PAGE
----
This page outlines the policies related to use of Social Media by the psychologists at Armchair Psychology Practice. Please read it to understand how we conduct ourselves on the Internet as Psychologists and how you can expect us to respond to various interactions that may occur between us on the Internet.
If you have any questions about anything within this document, you are encouraged to bring them up when we meet. As new technology develops and the Internet changes, there may be times when we need to update this policy. If that happens, you will receive notice of any policy changes so you can ensure you have a copy of the updated policy. Technology can successfully augment clinical work, but it can also raise concerns:
We do not accept friend or contact requests from current or former clients on any social networking site (Facebook, Linkedln, etc). We believe that adding clients as friends or contacts on these sites can compromise your confidentiality and our respective privacy. It may also blur the boundaries of our therapeutic relationship. If you have questions about this, please bring them up when we meet and we can talk more about it.
You are welcome to view the Armchair Psychology Facebook Page and read or share articles posted there (it's not very active), but we prefer not to accept clients as Fans of this Page. We believe having clients as Facebook Fans creates a greater likelihood of compromised client confidentiality and that it is best to be explicit to all who may view the list of Fans to know that they will not find clients names on that list. In addition, the Australian Psychological Society's Ethics Code and the Australia Health Practitioner Regulatory Agency (AHPRA) prohibits my soliciting testimonials from clients, or publishing letters or emails of client satisfaction and successful outcome. We feel that the term "Fan" comes too close to an implied request for a public endorsement of the practice.
From time to time you may see the psychologists from this practice post comments to other people's blogs, on Twitter or in newspapers, or you may see us on a television station's website after being interviewed, where the website invites you to make comment. Please be aware that if you post a comment identifying yourself as a client, you may be compromising your own confidentiality which may intrude on your clinical work. As would usually be the case, think carefully before posting anything on the Internet.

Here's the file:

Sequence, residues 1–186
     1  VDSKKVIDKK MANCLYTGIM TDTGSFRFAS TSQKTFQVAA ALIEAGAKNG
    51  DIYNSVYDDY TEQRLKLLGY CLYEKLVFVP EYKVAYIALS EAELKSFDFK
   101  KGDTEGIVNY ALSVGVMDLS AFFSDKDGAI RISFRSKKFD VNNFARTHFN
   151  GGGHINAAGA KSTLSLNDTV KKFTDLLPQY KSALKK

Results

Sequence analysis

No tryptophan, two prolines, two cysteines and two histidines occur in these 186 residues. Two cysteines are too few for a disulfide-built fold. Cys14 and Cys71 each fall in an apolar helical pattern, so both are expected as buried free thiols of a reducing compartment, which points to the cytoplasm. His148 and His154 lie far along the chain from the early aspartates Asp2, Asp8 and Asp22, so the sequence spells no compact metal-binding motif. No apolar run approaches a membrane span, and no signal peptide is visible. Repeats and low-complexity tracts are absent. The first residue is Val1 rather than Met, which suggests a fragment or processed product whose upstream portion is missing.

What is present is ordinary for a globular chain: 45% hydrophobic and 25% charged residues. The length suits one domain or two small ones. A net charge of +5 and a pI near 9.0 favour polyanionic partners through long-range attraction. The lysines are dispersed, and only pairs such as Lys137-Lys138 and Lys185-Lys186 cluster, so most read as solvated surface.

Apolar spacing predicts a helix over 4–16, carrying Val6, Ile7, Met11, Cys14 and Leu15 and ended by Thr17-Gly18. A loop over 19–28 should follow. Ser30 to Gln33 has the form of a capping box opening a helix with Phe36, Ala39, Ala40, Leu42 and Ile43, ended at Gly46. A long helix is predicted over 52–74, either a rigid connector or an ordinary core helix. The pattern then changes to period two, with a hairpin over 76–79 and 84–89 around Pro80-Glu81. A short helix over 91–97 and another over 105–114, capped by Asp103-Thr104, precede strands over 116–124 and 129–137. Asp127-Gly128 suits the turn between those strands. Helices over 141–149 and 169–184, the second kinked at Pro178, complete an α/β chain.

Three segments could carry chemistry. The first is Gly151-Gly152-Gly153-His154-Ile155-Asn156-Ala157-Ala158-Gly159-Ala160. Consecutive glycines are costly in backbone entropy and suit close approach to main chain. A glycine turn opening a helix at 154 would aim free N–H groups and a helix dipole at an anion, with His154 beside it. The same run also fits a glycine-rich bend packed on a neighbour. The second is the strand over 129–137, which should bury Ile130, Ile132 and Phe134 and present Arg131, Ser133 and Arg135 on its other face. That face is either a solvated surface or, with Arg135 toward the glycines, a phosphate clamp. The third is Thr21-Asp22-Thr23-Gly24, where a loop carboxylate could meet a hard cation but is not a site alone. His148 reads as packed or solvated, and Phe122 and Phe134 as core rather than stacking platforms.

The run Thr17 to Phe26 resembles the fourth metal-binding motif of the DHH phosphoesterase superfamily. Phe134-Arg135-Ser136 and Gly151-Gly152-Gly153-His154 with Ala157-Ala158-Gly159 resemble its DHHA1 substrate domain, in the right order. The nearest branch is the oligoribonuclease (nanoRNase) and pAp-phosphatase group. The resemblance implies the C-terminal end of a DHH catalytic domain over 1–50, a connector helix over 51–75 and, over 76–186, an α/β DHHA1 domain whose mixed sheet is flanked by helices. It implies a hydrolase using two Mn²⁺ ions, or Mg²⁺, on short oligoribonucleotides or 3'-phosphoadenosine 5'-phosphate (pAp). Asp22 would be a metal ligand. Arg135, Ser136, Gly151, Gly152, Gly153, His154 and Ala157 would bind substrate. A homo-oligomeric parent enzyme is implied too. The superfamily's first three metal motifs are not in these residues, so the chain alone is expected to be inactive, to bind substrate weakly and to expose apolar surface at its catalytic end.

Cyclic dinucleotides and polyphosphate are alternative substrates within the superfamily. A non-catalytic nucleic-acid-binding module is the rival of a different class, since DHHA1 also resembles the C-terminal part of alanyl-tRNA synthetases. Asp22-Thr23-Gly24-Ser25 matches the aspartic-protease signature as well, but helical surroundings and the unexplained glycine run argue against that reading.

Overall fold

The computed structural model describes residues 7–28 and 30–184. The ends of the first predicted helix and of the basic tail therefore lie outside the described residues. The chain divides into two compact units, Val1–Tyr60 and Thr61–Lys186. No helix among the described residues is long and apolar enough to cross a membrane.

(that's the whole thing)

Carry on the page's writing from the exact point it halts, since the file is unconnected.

Between us, the psychologists of Armchair Psychology publish several blogs and post on Twitter. There is no expectation that you as a client will want to follow these blogs or Twitter feeds. However, if you use an easily recognizable name on Twitter and we happen to notice that you've followed me there, we may briefly discuss it and its potential impact on our working relationship.
My primary concern is your privacy. If you share this concern, there are more private ways to follow us on Twitter (such as using an RSS feed or a locked Twitter list), which would eliminate your having a public link to my content. You are welcome to use your own discretion in choosing whether to follow us. Note that we will not follow you back. We mainly follow other health professionals, journalists and various people of professional interest to us on Twitter and do not follow current or former clients on blogs or Twitter. The reasoning is the belief that casual viewing of clients’ online content outside of the therapy session can create confusion in regard to whether it's being done as a part of your treatment or to satisfy the psychologist’s own personal curiosity. In addition, viewing your online activities without your consent and without our explicit arrangement towards a specific purpose could potentially have a negative influence on the working relationship. If there are things from your online life that you wish to share with your psychologist, please bring them into your sessions where they can be viewed and explored together, during the therapy session.